Brent M. Wilsey is a highly regarded registered investment advisor and a seasoned financial strategist with over 25 years experience in the field. Wilsey currently owns and operates San Diego-based Wilsey Asset Management through which he offers day-to-day investment guidance to both individual investors and corporations. All of Wilsey’s client relationships are grounded in an exemplary service philosophy. Wilsey has also served as an Accountant for Foodmaker, Inc., a Registered Representative for the Principle Financial Group, and as an Investment Director for Pamco Securities in the mid-80’s. In the latter role, Wilsey was among the first in Southern California to provide investment services within a banking environment, having invested and managed an average of nearly $45 million for Great American First Savings Bank. He worked in this capacity until opening his own LPL branch office in 1992. Wilsey’s industry expertise and credibility has made him a sought after expert source, having served as a guest commentator on numerous broadcast television and radio talk shows including a frequent guest on CNBC and called upon from such names as Barron’s, Business Week and Forbes for Brent’s input on columns. Currently, Wilsey hosts AM760 KFMB’s weekly Smart Investing show, providing listeners with fundamental analysis on stocks and mutual funds, along with other investment tips. In addition to his radio duties, Wilsey pens a weekly article for the San Diego Daily Transcript that focuses on the fundamentals of investing.
An accounting graduate of National University, Wilsey received his MBA degree from the same institution in 1986. His various licenses and designations include a Life and Health Insurance License, and Series 7 NASD Registered Representative and Series 24 NASD Registered Principal designations (Licenses held with LPL). For two year, Wilsey has earned the Five Star Wealth Manager Award. In 2010 he was names Top Influential in Business in San Diego. He currently resides in Poway, California with his wife and their four children.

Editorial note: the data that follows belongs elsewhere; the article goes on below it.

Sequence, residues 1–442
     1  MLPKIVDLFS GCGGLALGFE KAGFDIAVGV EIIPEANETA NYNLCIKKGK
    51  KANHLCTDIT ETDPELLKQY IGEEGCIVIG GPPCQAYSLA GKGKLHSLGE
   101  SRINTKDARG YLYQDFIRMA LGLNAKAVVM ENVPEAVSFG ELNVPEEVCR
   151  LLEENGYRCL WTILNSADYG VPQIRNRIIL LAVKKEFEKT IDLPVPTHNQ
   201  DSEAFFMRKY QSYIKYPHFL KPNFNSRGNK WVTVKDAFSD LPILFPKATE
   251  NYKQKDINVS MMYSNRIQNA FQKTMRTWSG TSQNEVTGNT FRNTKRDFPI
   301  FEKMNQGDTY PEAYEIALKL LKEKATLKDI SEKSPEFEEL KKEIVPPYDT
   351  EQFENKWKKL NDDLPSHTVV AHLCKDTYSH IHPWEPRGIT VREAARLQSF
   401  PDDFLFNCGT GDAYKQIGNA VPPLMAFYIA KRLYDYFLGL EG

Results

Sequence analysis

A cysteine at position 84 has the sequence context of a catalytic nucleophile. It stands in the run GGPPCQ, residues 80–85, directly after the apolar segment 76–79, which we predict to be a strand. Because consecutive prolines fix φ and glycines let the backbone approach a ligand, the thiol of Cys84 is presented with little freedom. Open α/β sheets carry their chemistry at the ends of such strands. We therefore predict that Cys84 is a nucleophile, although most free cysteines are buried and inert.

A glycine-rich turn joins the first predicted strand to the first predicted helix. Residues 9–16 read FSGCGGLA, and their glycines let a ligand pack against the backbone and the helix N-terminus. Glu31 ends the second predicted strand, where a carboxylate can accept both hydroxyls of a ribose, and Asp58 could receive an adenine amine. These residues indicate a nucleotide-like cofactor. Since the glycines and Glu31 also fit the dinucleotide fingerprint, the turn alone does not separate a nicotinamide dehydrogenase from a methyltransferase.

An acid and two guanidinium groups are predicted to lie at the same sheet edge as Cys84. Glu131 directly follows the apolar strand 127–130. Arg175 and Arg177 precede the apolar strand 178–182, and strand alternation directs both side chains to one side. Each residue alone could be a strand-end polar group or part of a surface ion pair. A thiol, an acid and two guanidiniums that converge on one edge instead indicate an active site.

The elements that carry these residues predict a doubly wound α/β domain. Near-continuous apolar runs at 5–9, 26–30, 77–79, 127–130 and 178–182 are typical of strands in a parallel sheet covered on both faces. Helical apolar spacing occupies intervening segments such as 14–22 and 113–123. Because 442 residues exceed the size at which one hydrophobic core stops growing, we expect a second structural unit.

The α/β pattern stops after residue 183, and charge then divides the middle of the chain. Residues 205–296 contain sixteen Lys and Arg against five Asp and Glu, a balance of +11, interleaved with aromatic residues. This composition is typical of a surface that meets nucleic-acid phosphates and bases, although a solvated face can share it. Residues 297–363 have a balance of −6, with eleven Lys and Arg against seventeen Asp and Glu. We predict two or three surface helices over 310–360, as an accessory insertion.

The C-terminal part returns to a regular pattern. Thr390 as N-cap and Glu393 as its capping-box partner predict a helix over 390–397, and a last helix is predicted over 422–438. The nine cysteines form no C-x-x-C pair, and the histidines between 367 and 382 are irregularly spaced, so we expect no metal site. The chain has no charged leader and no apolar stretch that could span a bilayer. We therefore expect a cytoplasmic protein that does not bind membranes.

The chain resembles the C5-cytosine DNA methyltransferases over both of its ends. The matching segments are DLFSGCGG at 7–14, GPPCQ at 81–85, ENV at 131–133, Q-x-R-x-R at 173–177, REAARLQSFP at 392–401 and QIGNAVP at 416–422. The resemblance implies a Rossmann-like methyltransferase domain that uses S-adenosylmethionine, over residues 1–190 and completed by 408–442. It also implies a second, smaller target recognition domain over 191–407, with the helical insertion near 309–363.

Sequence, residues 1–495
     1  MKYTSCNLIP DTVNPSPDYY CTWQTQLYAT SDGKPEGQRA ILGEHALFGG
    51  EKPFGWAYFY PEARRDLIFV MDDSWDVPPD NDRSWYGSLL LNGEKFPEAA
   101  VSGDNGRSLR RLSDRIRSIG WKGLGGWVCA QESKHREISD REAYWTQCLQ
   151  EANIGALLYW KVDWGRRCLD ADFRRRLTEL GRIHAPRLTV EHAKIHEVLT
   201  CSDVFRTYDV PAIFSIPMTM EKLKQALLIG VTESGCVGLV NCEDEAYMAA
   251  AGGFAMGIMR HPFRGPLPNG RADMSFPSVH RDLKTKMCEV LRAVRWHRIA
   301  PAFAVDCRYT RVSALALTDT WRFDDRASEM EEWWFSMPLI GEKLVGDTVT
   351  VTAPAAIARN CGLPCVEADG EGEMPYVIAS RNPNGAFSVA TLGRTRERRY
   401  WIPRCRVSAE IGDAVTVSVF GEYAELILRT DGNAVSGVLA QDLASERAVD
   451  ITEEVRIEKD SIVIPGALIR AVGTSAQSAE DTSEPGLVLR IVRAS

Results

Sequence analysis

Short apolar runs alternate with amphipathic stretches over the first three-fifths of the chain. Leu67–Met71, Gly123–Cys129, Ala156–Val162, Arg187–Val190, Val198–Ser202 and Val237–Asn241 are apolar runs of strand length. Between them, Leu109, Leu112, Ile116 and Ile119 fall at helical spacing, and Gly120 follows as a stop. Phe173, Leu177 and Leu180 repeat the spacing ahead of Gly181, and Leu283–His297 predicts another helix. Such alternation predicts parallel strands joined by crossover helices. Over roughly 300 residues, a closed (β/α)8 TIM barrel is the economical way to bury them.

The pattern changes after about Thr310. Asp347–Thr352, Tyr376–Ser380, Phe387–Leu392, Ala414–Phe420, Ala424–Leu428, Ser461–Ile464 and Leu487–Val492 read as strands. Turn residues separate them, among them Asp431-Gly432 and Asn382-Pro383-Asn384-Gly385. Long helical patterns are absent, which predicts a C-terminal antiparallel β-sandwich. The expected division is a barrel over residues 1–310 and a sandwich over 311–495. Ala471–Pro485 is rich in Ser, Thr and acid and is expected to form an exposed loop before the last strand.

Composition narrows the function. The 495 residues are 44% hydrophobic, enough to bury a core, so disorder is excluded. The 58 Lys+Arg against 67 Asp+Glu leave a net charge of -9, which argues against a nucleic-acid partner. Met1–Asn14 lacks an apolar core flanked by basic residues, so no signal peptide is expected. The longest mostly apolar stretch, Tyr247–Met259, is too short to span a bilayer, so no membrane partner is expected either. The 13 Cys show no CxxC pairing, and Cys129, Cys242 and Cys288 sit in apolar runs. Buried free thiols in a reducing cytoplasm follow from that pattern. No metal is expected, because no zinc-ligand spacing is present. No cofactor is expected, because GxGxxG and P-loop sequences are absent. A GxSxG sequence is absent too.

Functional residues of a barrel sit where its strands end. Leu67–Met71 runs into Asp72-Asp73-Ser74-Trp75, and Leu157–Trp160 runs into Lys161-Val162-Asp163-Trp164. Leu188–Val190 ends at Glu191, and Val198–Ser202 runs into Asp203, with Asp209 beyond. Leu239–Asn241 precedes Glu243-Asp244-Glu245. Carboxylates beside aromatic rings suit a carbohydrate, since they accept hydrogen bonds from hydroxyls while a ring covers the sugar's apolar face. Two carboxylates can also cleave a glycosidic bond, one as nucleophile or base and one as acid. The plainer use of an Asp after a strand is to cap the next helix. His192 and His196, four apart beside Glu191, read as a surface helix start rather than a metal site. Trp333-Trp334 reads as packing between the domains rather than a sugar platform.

I often talk about being patient when it comes to investing, but you may not understand what that means. Also, I hardly ever share recent buys in my portfolio, but to help you understand patience, I’m going to discuss a recent purchase.
Over my 30 years of investing, I have been told, “Brent, you don’t understand the growth of this company or that company.”
Is there a good reason for a company to buy its shares back on the open market and record as treasury stock on the balance sheet (buyback)?
Now that Federal Reserve Chairwoman Janet Yellen has gotten settled into her new role, have you wondered what her portfolio looks like?
Recent economic news has been on the weak side. I’ve continually talked about the weather as a factor; some may think it is an excuse and others may understand.
People often ask, I wonder what the wealthy do with their money? How do they make money? What do they do different from the average person?
Last week I held my quarterly client update brunch where I spoke about the economy, my current portfolio and what I see for the future.
As an investor, it is important to really understand what is going on in our economy and business.
Look out — I'm reading about why we should raise the average PE ratio on stocks because it may be too low. What I’m reading is that over the past 25 years, the U.S. market has remained above its historic PE valuation.
Many investors have a good portion of their investments in their 401(k), which could be a good idea.
We’re almost halfway through January and I’m now hearing about the January effect – an anomaly in which stocks tend to rise the first month of the year -- and how that will drive the market going forward. I would suggest that one not get too tied up in the January effect or who wins the Super Bowl; these really have no meaning on the fundamentals of investing but sure do make good talking time for the media.
Well, 2013 is now in the record books, and what a record it was. With the close of 2012, very few, if any, had predicted that 2013 would be such a banner year. In fact, more people were looking for a down year; some of the experts were hoping for maybe a 10 percent return on the Dow, not the 25 percent plus return that 2013 generated.